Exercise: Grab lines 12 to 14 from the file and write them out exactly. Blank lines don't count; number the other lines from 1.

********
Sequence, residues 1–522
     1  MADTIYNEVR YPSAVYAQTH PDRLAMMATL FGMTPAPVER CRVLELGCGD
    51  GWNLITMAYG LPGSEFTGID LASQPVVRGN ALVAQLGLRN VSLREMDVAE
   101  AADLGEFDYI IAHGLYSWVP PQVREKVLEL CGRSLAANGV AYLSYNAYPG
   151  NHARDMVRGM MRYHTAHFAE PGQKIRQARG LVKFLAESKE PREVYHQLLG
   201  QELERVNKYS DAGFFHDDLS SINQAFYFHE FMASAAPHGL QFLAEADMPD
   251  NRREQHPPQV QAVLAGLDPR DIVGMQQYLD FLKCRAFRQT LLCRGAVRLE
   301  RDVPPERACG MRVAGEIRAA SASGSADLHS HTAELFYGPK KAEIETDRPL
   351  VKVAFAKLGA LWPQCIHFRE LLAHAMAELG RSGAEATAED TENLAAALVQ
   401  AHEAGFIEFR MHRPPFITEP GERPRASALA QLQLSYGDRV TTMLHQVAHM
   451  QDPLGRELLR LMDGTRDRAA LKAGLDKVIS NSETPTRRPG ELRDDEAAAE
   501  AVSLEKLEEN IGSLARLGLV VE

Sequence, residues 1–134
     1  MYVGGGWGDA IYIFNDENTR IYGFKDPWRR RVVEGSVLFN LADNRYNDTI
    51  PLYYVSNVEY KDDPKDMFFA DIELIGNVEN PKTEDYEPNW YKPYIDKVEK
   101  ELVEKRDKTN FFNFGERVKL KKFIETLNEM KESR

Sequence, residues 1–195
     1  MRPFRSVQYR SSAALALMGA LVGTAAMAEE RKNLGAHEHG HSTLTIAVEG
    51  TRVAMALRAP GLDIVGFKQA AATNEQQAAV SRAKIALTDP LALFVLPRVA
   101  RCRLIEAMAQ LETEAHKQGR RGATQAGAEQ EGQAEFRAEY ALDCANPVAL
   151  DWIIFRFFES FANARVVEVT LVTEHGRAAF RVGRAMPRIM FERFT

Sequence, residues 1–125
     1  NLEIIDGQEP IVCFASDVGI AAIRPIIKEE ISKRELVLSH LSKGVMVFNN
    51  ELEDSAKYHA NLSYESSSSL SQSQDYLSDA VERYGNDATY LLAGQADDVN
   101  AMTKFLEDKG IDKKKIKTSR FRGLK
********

   501  AVSLEKLEEN IGSLARLGLV VE

Sequence, residues 1–134
     1  MYVGGGWGDA IYIFNDENTR IYGFKDPWRR RVVEGSVLFN LADNRYNDTI